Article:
The article goes on to explain how Cadillac will not be a major player in Europe, where competition is very tough, and will instead focus on emerging markets like China and Russia. That makes sense for the long term.

  

GM clears important hurdle in bankruptcy

The Chrysler bankruptcy set the standard, and now GM is steamrolling its way through the bankruptcy process with the support of the Obama administration.

A federal judge approved a plan by General Motors late on Sunday to sell its best assets to a new, government-backed company, a crucial step for the automaker to restructure and complete its trip through bankruptcy court.

The decision by the judge, Robert E. Gerber of United States Bankruptcy Court in Manhattan, came after three days of hearings to address the 850 objections to the restructuring plan and after he had received a revised sale order from G.M.’s lawyers.

A group of individual accident litigants appealed the ruling on Monday morning, Bloomberg News reported.

In his 95-page opinion, Judge Gerber wrote that he agreed with G.M.’s main contention: that the asset sale was needed to preserve its business in the face of steep losses and government financing that is scheduled to run out by the end of the week.

“Bankruptcy courts have the power to authorize sales of assets at a time when there still is value to preserve — to prevent the death of the patient on the operating table,” Judge Gerber wrote.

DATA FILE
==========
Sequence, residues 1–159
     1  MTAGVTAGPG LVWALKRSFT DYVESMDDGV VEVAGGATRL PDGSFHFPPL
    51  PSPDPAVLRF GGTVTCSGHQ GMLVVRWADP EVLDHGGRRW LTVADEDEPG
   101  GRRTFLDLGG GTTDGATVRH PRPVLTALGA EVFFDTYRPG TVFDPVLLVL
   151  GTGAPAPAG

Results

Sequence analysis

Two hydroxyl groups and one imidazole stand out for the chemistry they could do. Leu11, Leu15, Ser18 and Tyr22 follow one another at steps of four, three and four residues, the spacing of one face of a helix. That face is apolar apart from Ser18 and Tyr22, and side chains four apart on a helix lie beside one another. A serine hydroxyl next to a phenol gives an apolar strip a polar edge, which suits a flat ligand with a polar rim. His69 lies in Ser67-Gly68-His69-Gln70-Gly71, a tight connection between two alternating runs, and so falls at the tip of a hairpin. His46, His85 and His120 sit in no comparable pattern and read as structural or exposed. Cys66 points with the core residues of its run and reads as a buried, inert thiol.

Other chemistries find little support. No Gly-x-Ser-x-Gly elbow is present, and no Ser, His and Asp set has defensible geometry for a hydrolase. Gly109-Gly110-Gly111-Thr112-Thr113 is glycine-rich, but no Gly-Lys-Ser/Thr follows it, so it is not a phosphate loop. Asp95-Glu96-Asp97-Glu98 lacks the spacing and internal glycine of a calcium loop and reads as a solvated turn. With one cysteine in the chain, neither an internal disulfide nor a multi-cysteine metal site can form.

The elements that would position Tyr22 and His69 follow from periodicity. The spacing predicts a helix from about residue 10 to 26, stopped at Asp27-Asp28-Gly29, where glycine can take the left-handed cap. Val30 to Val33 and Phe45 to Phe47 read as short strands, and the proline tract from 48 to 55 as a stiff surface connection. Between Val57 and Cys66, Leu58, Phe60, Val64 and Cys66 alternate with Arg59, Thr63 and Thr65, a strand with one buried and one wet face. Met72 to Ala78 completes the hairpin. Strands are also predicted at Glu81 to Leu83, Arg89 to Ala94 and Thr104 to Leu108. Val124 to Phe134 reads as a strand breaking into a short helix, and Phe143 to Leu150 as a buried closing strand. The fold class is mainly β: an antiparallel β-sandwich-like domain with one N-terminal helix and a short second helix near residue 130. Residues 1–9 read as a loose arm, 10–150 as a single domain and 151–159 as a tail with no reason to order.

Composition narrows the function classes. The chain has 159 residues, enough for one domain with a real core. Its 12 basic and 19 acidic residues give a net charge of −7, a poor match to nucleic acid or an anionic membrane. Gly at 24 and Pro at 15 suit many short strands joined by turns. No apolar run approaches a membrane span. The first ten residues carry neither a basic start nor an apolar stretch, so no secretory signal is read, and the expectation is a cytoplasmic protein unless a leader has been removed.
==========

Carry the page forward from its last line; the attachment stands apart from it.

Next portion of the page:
Many bankruptcy experts expressed doubt that Chrysler and GM could move so quickly through bankruptcy, but these are extraordinary times, and the courts seem sympathetic to the arguments by the government that a speedy, negotiated reorganization with the support of the government offers the only viable alternative to a destructive liquidation.

  

GM will threaten bankruptcy if it doesn’t get more aid

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The auto bailout helped to keep GM and Chrysler on life support, but GM will make it clear in it’s plan to be filed this week with the government that more money will be needed in order to avert bankruptcy.

General Motors Corp. will offer the government the choice of giving it billions more in bailout money or seeing it file for bankruptcy when it presents a restructuring plan next week, according to a report published Saturday.

The online edition of The Wall Street Journal, citing unnamed sources, said the competing choices present a dilemma for the Obama administration, which may fear seeing the industrial icon carmaker fall into bankruptcy and cut more jobs if it’s refused more aid.

The government has already committed $13.4 billion to GM as part of a federally-funded bailout. The automaker is expected to include its call for more funds in a restructuring plan it’s required to submit to the Treasury Department by Tuesday, though the company isn’t expected to include a dollar amount, according to the Wall Street Journal report.

However, Treasury Department officials believe GM needs at least $5 billion more in loans to keep operating beyond the first quarter, according to the report.

The key will be the plan laid out by GM. Will it have real concessions from bondholders and the union?